MIAMI – Air Malta (KM) is again sailing troubled waters while facing the negative effects of the pandemic and the aftermath of an extensive shake-up of its board of directors.

Back in October 2020, KM had already voiced financial difficulties and a possible perspective of bankruptcy unless new capitals were made available to the ailing carrier.

Air Malta 9H-AEO Airbus A320-214. Photo: Phil Wilco/Airways

Recent Unrest

In the same period, the Board of Directors was largely renovated and new members nominated by the Maltese Finance Ministry. This was followed by the sudden resignation of its CEO, Capt. Clifford Chetcuti which was, and still is, replaced “ad interim” by the Chairman of the Board, Dr. Charles Mangion.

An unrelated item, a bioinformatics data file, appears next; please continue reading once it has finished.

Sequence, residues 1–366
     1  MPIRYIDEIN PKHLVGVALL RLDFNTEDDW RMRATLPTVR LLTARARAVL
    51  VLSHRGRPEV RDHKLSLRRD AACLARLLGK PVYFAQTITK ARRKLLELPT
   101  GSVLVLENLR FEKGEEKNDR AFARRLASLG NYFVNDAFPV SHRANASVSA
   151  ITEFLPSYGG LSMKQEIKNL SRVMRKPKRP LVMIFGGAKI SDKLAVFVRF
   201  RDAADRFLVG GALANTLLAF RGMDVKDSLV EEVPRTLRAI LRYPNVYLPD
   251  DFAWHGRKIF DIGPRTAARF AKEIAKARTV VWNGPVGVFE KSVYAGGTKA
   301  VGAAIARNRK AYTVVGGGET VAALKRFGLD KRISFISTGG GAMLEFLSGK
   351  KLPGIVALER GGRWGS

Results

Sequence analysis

In addition, the carrier also faced social unrest following the furlough of 64 pilots and a consequent judiciary action which is still ongoing.

Facing important losses, it now needs an ” honest and credible” aid plan sponsored by the EU. Furthermore, without such a plan, the carrier would face the risk of running out of finance, stated the Maltese Ministry of Finance.

Photo: Air Malta competitor, Malta Air

About Air Malta

Air Malta is a state-owned airline, created in March 1973 with services initiated in April 1974. First operations included London (LHR), Birmingham (BHX), Manchester (MAN), Rome (FCO), Frankfurt (FRA), Paris (CDG), and Tripoli (TPS).

Currently, KM flies to 21 countries and 33 destinations (pre-COVID-19 data). KM has a fleet of 8 Airbus A320 (4 A320-200 and 4 A320NEO) of which 4 are currently stored.

Air Malta faces direct competition by Malta Air (MT), an LCC from the Ryanair group, operating a fleet of 120 aircraft and flying 66 routes out of MLA.

Air Malta Airbus A320NEO. Photo: Roberto Leiro/Airways